Nick Willis fuels Rackham's passion
Olympic silver medallist Nick Willis has handed plenty of praise the way of rising Southland running star Jordan Rackham, suggesting he will be the one to topple his New Zealand records.
The Southland middle-distance runner yet again put his name in lights within New Zealand athletics circles during the past week firstly by winning the prestigious junior men's mile event at the Cooks Classic in Whanganui.
Despite being only 17, Rackham then won the open B-grade title at the Capital Classic in Wellington, although his time would have placed him in the top eight of the open A-grade section.
During his time in the North Island he was also part of the Athletics New Zealand Young Olympian group of which he was appointed captain.
The group was put in place to help the development of New Zealand's best young athletes and also to put them in a tour-like environment to help prepare for when they might attend international meets.
Willis also spoke to the youngsters about his progress in the sport.
During both the Cooks Classic and Capital Classic Rackham and Willis talked about various aspects of running and they joked about a showdown soon between the young Southlander and New Zealand's best runner.
It was during one of those conversations where Willis provided the New Zealand secondary schools' 1500m champion with a big boost in confidence and has the Southland Boys' High School year 13 pupil fizzing in an attempt to improve his speed.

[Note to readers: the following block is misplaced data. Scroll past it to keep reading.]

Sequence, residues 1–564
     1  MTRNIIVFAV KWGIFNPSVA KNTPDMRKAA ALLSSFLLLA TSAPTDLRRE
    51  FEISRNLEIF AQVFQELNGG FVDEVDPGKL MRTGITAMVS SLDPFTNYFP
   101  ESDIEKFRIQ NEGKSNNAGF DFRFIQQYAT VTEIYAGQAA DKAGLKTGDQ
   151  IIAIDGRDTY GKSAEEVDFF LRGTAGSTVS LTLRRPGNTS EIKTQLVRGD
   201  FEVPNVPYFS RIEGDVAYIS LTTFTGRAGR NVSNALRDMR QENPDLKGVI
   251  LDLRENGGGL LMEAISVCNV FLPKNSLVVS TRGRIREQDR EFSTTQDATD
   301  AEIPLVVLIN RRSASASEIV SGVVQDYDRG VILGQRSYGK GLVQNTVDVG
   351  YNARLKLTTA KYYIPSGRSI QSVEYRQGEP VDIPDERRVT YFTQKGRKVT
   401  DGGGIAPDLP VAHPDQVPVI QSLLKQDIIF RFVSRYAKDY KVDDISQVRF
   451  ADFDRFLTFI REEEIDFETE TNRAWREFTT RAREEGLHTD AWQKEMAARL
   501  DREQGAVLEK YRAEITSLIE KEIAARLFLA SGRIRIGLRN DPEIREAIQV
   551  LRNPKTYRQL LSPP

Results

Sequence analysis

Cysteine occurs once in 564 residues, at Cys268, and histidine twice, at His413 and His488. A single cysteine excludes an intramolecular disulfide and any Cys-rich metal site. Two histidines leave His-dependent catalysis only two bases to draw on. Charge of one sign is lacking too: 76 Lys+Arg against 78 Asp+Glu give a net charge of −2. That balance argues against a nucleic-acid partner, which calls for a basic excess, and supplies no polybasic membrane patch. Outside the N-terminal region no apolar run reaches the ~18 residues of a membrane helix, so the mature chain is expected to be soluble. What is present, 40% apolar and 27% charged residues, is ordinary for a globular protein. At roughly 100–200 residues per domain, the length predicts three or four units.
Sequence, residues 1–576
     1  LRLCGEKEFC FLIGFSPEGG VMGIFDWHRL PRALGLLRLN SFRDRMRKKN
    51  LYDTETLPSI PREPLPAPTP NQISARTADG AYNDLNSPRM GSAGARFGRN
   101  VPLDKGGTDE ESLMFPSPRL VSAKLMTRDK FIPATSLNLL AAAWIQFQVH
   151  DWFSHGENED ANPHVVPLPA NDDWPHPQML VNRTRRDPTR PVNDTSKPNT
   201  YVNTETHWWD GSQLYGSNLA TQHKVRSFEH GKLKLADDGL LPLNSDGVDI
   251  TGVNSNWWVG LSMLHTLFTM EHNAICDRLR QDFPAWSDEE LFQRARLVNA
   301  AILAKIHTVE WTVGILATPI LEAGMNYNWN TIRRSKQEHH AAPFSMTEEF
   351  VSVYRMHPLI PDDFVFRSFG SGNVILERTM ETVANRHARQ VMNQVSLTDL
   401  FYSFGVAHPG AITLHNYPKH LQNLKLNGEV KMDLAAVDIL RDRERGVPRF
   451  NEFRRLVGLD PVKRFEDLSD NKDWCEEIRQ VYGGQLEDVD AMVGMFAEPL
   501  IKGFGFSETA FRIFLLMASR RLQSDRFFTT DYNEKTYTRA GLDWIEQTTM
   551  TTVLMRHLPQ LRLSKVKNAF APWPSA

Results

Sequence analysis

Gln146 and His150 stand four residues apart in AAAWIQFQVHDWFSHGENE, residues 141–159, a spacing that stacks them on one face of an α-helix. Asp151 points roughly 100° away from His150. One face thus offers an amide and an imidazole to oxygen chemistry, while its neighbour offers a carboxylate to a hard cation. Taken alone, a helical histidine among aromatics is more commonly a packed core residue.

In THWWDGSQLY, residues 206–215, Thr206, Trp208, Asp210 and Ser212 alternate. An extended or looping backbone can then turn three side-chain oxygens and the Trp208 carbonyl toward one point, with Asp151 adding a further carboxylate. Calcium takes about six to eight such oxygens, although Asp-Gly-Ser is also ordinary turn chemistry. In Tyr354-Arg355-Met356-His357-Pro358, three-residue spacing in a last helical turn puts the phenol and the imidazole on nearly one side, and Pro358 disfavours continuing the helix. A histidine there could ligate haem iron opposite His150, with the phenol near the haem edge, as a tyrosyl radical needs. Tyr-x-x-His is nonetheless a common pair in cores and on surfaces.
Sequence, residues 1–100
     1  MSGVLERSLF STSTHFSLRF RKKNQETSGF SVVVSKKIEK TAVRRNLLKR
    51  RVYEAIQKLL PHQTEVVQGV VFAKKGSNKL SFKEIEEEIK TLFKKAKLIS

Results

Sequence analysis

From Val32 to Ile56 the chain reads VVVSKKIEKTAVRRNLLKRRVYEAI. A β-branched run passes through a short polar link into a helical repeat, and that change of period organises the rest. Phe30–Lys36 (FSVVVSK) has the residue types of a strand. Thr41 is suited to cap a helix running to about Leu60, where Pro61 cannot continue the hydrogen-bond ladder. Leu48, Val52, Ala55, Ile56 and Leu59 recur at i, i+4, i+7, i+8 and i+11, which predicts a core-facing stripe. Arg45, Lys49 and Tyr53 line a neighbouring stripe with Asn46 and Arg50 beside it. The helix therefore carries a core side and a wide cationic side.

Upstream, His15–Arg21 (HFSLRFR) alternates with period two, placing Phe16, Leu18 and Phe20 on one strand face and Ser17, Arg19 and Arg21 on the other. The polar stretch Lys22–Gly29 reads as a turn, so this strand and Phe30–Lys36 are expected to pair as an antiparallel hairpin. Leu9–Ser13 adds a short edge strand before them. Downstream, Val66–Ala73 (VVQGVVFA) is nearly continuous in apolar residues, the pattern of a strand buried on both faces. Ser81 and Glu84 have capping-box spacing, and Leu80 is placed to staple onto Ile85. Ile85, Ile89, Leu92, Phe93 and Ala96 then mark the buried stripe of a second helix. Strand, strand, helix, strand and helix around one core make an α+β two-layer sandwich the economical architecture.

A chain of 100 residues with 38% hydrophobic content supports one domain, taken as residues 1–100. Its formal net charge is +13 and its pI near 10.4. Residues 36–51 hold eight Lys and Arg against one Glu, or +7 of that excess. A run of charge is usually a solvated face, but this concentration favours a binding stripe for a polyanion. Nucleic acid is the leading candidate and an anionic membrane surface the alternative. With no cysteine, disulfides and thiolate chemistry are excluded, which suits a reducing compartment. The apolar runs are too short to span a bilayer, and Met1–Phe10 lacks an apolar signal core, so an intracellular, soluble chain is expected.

"I had a [long] conversation with him and when I went over to him at the Capital [Classic] his wife was there with their little child and he turned to her and said, 'this is the guy that's going to take all my New Zealand records'. That was pretty special," Rackham told The Southland Times yesterday.
"I didn't expect it, I don't want to think it's just going to happen for me because it won't, but it certainly makes me want to train more and go on to bigger things."
Rackham would like to follow in 30-year-old Willis' footsteps which includes heading to college in the United States after he finishes at Southland Boys' High School this year.
That was a topic the pair discussed.
"He gave me some good insight about going to the States and choosing good coaches and when to do it. I will look to go over there, they've just got more people to train and compete with," he said.
First though he has his sights on a strong year competing in New Zealand with a particular goal in mind. "I want to get the New Zealand secondary schools' (1500m) record at the end of the year, that's the main goal."
The Southland Times